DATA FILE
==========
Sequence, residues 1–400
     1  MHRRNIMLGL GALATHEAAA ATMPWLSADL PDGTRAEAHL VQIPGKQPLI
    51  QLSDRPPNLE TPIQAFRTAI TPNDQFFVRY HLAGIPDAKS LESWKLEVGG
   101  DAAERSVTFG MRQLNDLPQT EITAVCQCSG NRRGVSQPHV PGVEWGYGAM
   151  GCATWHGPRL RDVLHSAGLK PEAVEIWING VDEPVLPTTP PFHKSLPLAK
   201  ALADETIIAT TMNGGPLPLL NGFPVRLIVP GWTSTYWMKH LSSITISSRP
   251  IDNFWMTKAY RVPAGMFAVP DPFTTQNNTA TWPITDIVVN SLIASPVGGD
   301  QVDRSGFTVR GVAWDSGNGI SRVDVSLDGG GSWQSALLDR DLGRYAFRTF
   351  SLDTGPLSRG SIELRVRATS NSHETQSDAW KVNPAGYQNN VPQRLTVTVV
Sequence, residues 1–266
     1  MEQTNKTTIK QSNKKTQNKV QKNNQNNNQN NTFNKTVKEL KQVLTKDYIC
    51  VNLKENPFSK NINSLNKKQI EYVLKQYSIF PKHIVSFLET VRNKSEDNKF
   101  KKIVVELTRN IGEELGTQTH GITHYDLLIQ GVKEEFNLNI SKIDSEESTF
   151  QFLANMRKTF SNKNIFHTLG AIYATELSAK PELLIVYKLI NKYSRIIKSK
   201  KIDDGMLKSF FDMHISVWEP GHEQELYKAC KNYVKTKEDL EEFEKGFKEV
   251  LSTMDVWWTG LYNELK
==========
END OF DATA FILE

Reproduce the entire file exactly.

Sequence, residues 1–400
     1  MHRRNIMLGL GALATHEAAA ATMPWLSADL PDGTRAEAHL VQIPGKQPLI
    51  QLSDRPPNLE TPIQAFRTAI TPNDQFFVRY HLAGIPDAKS LESWKLEVGG
   101  DAAERSVTFG MRQLNDLPQT EITAVCQCSG NRRGVSQPHV PGVEWGYGAM
   151  GCATWHGPRL RDVLHSAGLK PEAVEIWING VDEPVLPTTP PFHKSLPLAK
   201  ALADETIIAT TMNGGPLPLL NGFPVRLIVP GWTSTYWMKH LSSITISSRP
   251  IDNFWMTKAY RVPAGMFAVP DPFTTQNNTA TWPITDIVVN SLIASPVGGD
   301  QVDRSGFTVR GVAWDSGNGI SRVDVSLDGG GSWQSALLDR DLGRYAFRTF
   351  SLDTGPLSRG SIELRVRATS NSHETQSDAW KVNPAGYQNN VPQRLTVTVV
Sequence, residues 1–266
     1  MEQTNKTTIK QSNKKTQNKV QKNNQNNNQN NTFNKTVKEL KQVLTKDYIC
    51  VNLKENPFSK NINSLNKKQI EYVLKQYSIF PKHIVSFLET VRNKSEDNKF
   101  KKIVVELTRN IGEELGTQTH GITHYDLLIQ GVKEEFNLNI SKIDSEESTF
   151  QFLANMRKTF SNKNIFHTLG AIYATELSAK PELLIVYKLI NKYSRIIKSK
   201  KIDDGMLKSF FDMHISVWEP GHEQELYKAC KNYVKTKEDL EEFEKGFKEV
   251  LSTMDVWWTG LYNELK